Form the dough into a smooth ball, flatten into a 6-inch disk, wrap in plastic wrap and refrigerate for 30 minutes, or overnight. Clean out the bowl to prepare for the filling.
Lightly butter a 9-inch pie dish. Lightly flour the work surface and a rolling pin. Roll the dough out to a round about 4 inches wider than the bottom of the pie pan, periodically lifting and turning the dough to prevent it from sticking to the work surface. Reflour the surface and rolling pin as needed.
Press the dough into the prepared pan. Trim the edge, leaving a 1/2-inch overhang. Tuck the overhang under itself to form a thick rim. Crimp the edge in whatever pattern you want — pinching, pressing the tines of a fork or leaving it plain. Cover and refrigerate the crust until it is cold and firm, 30 minutes or up to overnight.
Position a rack in the middle of the oven and preheat to 375 degrees.
Prick the bottom of the crust all over with a fork (this is called docking). Press a piece of aluminum foil into the cold pie crust, covering the edges of the crust. Fill the foil with dried beans, metal pie weights or even sugar. Bake for 15 minutes. Carefully remove the aluminum foil and pie weights. Bake for an additional 15 to 17 minutes, until the crust is set, lightly golden and cooked through. Transfer to a wire rack and let cool completely.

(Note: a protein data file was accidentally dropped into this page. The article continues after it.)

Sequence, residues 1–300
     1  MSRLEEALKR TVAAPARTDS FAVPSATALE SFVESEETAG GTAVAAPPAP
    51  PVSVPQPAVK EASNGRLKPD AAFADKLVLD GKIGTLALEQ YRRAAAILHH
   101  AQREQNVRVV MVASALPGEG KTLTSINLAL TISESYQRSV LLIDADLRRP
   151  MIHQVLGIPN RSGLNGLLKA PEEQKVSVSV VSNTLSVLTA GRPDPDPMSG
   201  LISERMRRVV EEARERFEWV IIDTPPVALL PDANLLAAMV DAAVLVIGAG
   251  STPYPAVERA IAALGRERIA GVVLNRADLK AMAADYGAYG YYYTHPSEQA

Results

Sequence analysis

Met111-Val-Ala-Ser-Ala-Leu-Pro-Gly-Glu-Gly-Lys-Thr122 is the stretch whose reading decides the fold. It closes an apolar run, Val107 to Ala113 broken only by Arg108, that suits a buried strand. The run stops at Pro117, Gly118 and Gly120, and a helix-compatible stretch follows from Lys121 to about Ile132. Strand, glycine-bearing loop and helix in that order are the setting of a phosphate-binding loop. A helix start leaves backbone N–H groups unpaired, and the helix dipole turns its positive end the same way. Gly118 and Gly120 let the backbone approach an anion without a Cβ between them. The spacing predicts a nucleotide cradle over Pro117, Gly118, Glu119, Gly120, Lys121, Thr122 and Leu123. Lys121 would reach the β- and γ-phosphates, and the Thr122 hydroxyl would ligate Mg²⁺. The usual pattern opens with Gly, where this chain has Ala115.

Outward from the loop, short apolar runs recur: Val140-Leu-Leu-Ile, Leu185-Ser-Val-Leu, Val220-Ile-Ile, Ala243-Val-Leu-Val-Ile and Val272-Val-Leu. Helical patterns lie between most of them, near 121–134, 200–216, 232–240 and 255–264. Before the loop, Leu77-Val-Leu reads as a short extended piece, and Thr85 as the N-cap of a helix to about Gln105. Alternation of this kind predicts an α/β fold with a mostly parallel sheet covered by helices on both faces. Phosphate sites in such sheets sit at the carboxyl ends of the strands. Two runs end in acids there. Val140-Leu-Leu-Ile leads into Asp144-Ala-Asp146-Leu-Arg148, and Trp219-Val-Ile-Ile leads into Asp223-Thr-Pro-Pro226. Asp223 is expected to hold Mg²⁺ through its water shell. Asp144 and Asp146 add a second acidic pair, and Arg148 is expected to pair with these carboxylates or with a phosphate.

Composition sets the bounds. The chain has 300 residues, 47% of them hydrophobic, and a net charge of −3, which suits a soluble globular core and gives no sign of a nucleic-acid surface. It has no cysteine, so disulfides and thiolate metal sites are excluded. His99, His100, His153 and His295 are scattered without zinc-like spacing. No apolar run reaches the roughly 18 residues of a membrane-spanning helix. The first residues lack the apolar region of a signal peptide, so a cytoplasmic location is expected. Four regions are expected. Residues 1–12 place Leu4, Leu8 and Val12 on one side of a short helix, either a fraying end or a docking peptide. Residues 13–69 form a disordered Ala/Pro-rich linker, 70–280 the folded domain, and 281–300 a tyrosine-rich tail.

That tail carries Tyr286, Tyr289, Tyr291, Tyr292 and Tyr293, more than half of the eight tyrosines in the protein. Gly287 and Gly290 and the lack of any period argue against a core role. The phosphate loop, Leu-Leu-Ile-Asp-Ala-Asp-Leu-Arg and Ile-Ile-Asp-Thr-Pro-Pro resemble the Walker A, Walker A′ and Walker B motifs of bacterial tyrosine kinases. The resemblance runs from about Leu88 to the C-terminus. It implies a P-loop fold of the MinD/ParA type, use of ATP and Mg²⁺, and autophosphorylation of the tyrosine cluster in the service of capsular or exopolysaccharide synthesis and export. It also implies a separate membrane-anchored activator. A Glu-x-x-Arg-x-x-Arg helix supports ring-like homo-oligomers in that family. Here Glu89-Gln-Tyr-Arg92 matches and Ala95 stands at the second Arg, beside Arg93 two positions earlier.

Make the filling: Arrange the sliced tomatoes on a layer of paper towels or dish towels you don’t mind staining. Sprinkle with kosher salt on both sides to help season and draw excess moisture out. Let them rest while you make the filling.
Pour the heavy whipping cream into the bowl of a stand mixer fitted with balloon-whisk attachment (you may also use a hand mixer here). Beat on high speed, just until firm peaks form. Pull off the whisk attachment or the beaters out and see how the cream looks in the bowl and on the attachment. If it flops over, it needs more time; if it holds its shape, you’re set. Transfer the whipped cream to a separate bowl or container; refrigerate until you’re ready to use it.